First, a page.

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Nestled away in the far Southeast corner of Baltimore County, at the very southern end of Dundalk, Maryland, lies the historic African American community of Turner Station. The community came about around the late 1880s with the beginning of what is now Bethlehem Steel Mill and shipyard on Sparrows Point. When African American men could no longer find homes for their families on Sparrows Point, many went to an area not far from Sparrows Point to a small community in Turner Station called "The Meadows." As this little community of log cabins grew, they expanded to the waters edge into one of the largest African American communities in Baltimore County, Maryland. Due to the decline of steel production at Bethlehem Steel Mill, employment began to decline and likewise the number of African American families residing in Turner Station. Today, the community is beginning to revive itself, and is on the verge of returning to its days of a beautiful, friendly, wholesome community.
The Anthony Theater, built and owned by Dr. Joseph Thomas, an African American from Turner Station in 1946-47, this air conditioned theater was named after the father of Dr. Joseph Thomas, Anthony Thomas. This theater compared with many of the popular African American theaters in Baltimore City.
The Balnew Building, built and owned by an African American organization in Turner Station. The building had two floors, both filled with African American business people from a grocery store to a pool hall.
Turner Elementary School, the first permanent school built for African American children in the Turner Station area in 1930, it replaced old portable buildings used as a school on Sollers Point Road that was built in 1925. Prior to 1925, the children of Turner Station attended Bragg School on Sparrows Point. This building has been converted to homes on Oak Street.
The "Fla-Joe," a converted 83 foot naval boat converter to a cruising boat by Dr. Joseph Thomas. The boat was named for his wife, Flavia Thomas, and himself. The boat was usually docked at the Rfgewater Amusement Park or at his home in Edgewater, just a short distance from Turner Station.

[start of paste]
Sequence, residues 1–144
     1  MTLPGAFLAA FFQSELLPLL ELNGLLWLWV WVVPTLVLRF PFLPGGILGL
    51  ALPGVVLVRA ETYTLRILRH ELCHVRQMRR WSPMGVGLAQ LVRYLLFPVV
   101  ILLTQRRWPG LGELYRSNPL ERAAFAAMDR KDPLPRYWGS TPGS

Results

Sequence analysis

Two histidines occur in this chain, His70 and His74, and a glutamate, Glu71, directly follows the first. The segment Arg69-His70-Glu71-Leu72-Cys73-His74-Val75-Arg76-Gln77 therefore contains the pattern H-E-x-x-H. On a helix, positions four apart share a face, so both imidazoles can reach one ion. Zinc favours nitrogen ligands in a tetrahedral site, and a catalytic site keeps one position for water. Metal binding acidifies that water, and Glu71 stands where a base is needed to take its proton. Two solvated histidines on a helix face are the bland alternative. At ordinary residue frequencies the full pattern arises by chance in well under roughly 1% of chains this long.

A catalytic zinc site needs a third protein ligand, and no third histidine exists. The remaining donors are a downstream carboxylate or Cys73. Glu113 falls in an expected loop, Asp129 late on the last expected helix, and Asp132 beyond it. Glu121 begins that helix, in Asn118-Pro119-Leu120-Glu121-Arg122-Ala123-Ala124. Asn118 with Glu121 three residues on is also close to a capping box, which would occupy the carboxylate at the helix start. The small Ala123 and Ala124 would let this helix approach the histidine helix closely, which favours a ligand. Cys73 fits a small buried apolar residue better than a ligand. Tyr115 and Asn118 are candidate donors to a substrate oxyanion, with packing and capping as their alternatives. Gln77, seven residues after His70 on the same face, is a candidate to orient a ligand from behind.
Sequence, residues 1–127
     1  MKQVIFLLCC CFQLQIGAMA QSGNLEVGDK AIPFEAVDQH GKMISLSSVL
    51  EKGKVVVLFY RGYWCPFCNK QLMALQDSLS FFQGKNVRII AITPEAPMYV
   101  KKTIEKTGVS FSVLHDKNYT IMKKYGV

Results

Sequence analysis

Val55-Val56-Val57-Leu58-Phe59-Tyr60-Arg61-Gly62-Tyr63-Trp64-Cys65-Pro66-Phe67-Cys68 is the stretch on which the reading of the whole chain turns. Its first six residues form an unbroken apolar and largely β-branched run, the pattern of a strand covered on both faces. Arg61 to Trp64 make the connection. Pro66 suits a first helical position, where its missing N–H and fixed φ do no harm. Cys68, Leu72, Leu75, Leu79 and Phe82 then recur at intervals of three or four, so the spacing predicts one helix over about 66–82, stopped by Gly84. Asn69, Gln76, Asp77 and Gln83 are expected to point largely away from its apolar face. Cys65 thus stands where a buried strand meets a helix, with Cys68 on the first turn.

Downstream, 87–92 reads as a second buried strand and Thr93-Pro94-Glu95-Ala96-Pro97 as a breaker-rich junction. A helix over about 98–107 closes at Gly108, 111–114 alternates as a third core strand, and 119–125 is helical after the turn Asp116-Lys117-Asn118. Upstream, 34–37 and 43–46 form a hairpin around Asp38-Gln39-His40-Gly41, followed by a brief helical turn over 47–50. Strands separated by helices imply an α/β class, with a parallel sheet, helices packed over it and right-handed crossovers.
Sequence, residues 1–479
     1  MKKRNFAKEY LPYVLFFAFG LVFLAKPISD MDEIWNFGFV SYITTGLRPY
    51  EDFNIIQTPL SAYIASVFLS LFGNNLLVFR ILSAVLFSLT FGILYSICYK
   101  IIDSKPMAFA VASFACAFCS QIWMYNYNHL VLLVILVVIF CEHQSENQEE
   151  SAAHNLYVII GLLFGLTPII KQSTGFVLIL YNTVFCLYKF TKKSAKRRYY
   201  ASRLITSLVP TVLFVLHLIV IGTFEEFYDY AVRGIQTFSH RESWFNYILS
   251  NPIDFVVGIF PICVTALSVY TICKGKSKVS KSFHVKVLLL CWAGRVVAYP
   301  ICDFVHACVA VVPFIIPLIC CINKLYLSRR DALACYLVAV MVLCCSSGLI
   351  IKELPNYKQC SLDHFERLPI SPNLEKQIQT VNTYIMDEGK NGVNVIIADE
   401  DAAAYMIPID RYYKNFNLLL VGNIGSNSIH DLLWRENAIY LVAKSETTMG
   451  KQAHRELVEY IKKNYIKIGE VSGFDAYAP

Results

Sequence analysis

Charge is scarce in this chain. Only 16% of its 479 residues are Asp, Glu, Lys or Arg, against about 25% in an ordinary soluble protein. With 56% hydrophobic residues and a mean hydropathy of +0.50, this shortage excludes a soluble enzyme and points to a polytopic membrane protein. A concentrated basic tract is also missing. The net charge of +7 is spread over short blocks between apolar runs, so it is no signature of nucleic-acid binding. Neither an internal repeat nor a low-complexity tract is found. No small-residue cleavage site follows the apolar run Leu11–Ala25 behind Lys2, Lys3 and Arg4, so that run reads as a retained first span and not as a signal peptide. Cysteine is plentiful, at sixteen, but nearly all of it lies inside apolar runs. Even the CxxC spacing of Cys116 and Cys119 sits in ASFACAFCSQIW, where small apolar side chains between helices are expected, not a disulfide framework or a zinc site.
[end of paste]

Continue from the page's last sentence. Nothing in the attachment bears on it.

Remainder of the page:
The baseball field at Edgewater Amusement Beach that was located in T urner Station. The semi-professional baseball team was the "Baltimore Grays," owned by Dr. Joseph Thomas. On this site was built the first African American high school in Turner Station, Sollers Point High School.
Dr. Joseph Thomas with his wife, Flavia. They are on their 83' boat, the "Fla-Joe." Dr. Thomas came to Turner Station from the Eastern Shore in 1887. He graduated from The Howard University School of Medicene in 1912, and took up his practice in the Turner Station area. He was a highly successful businessman, building 12 row homes on Sollers Point Road, the Anthony Theater, the Edgewater Beach Amusement Park, and owned the semi-professional baseball team, the "Baltimore Blues." His wife, Flavia Thomas came from New Orleans. His son, Joseph Thomas, Jr., esq., is a retired lawyer.
Robert Cabean, Jr., from Turner Station. He is a graduate of the United States Naval Academy in Annapolis, Maryland and is currently in the astronaut program. He has made a space flight. His father, Robert Cabean, was born in Turner Station, and his gradperents, Willie Cabean and Beatrice Brice Cabean, came to Turner Station in 1931.
Sarah Neal Williams, who was born in "The Meadows" located in Turner Station on November 3, 1902. It was because of the discovery of her State of Maryland Birth Certificate that helped discover the date that African Americans settled in Turner Station. She is deceased, but it was due to the interview of her sister, Catherine Bullett that the important date of Sarah's birth became known. Records reflect that Turner Station began around 1921.
Agnes Deaver Pulliam, second from right, with several of her siblings: l to r: Gladys Williams, Lawrence Deaver, Hilda Diggs, Agnes, and Agrada Diggs. Agnes, and her husband, Wilbert (Jeep) Pulliam resided in Day Village of Turner Station for many years. Most of their children were born in Turner Station.
Margaret Quarles and Yvonne Evans from Turner Station.
The Bath House on Edgewater Beach Amusement Park in Turner Station that was owned by Dr. Joseph Thomas. The park offered swimming, amusement rides, a lounge, even a ballpark where the semi-professional baseball team owned by Dr. Thomas, called "The Baltimore Blues" played.